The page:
The sun rises over the edge of Setting Point, the horizon hidden behind some scrubby trees that edge the shoreline. Standing on the dock at Neptune’s Treasure, you can watch the day start and the light change as it gently splays across the anchorage. You can never quite be certain what a day on Anegada will bring – except for some new loveliness.
Anegada, British Virgin Islands.
Quote of the day: “If you’re squeamish, don’t poke the beach rubble.” — loosely translated from Sappho
That I was warm today when the rest of the world was cold
Lunch with MKL in the Tattered Cover
Visiting with my niece
My new Wodehouse book! (Thank you, love)
That’s what the bus felt like this morning.
My commute is a little over an hour, door to door. if I take the bus. It’s a 15-20 minute drive to get my feet in line to board, just under 30 minutes on the bus, and maybe an 8-minute walk to the office from the station. (It’s about 40 minutes doorstep-to-desk to drive to work, but add in $7 for parking and the cost of 40 miles worth of gas, and the stress of traffic going home, and the time becomes less of a factor.)
I’ve never had a commute of more than 20 minutes. At least not to a “real” job. When I was piecing part-time jobs together to make a living, I did, but that was different somehow. I always swore I wouldn’t work in Denver unless there was a train, because I knew I’d hate the commute, so it has taken me a while to make peace with this. And I have made peace with the actual transportation element, just not with the extra time it takes from my day.
I can’t read on the bus, because I get carsick. Once in a great while, I can almost nap, if I am very tired. Oddly enough, I can do some shamanic journeying (adding a whole new meaning to the term “magic bus”). But most of the time, I just zone and think and look out the window and write in my head. I use it as decompression time between the world of work and the world of, well, the world.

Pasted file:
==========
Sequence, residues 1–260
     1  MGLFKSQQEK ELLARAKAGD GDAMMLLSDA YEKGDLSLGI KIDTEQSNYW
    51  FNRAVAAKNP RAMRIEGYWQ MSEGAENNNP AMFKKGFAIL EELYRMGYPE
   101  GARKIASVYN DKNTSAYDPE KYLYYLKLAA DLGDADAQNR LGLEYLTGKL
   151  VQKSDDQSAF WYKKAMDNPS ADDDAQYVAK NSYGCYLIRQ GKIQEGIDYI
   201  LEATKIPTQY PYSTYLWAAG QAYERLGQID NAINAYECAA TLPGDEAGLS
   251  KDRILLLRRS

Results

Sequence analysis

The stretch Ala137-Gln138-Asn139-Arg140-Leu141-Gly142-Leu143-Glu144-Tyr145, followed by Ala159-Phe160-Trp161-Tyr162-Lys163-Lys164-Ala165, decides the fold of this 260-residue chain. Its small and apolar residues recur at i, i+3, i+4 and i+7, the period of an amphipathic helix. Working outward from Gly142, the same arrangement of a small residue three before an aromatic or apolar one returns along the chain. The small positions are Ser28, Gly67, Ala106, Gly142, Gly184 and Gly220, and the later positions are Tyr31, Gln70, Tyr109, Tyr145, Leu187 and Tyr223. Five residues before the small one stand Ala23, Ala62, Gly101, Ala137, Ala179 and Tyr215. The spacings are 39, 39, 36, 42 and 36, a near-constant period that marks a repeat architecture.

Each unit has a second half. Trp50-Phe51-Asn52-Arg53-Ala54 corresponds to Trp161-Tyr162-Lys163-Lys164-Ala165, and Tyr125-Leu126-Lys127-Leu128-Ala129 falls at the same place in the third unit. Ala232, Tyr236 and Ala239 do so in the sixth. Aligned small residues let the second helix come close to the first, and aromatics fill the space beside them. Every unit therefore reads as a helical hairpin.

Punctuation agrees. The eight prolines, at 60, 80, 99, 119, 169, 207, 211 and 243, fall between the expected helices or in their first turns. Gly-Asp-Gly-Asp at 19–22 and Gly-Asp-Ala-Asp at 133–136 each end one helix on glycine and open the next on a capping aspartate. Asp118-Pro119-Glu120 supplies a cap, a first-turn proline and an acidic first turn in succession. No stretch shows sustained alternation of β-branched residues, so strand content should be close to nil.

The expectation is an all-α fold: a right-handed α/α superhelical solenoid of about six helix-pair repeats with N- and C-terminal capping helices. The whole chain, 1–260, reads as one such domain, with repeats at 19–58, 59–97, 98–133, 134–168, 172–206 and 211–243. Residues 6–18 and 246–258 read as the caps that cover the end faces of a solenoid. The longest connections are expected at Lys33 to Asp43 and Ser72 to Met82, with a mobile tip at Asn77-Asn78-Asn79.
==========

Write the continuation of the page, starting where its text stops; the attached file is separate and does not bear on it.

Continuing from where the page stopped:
Today was a little different. Last night, we had gale force winds, which usually accompany warm temperatures at this time of year. At two in the morning, I was awakened out of a sound sleep by a THUMP out front. It was a big THUMP as you might guess from the capital letters. I lay in bed, wondering what it was, imagining what it might be, listening to the wind howl as it beat up the wind chimes, and realizing that no, I was not in an episode of “Little House on the Prairie” and yes, I was a single homeowner who had to get up and see what the haps was. I dutifully opened the front door, and was almost blown away by freezing, blasting, flying snow. It wasn’t a lot of snow, but it was most certainly a blizzard of snow. Realizing that it was just a little camp table that had blown over on the front porch, I went back to bed to listen to the rage until I fell asleep.
With the snow shovelling citation still looming over my head, I went out and dutifully shovelled half an inch of snow off my walk, and it was off to the bus stop. Ridership increases in proportion to the vileness of the weather, so the bus was already packed when it arrived. My co-worker whom I sometimes encounter during the commute insisted that I take his seat, which was most gentlemanly of him (and I have a whole post about ladies and gentlemen of the bus brewing in my busy little brain, so stay tuned). That I didn’t have to stand was unusual enough, but the bus itself was unusual today. Because of the sheer mass of humanity packed inside, there was no view whatsoever through the windows. They were completely fogged up by the hot exhalations of all these people (which is actually a little disgusting when you think about it too much, so don’t). The lack of view made me feel almost claustrophobic - something I never feel – and kind of anxious – something I wish I never felt. It was like travelling in the belly of a worm, or in something that has been thoroughly licked by a giant tongue of milky slime.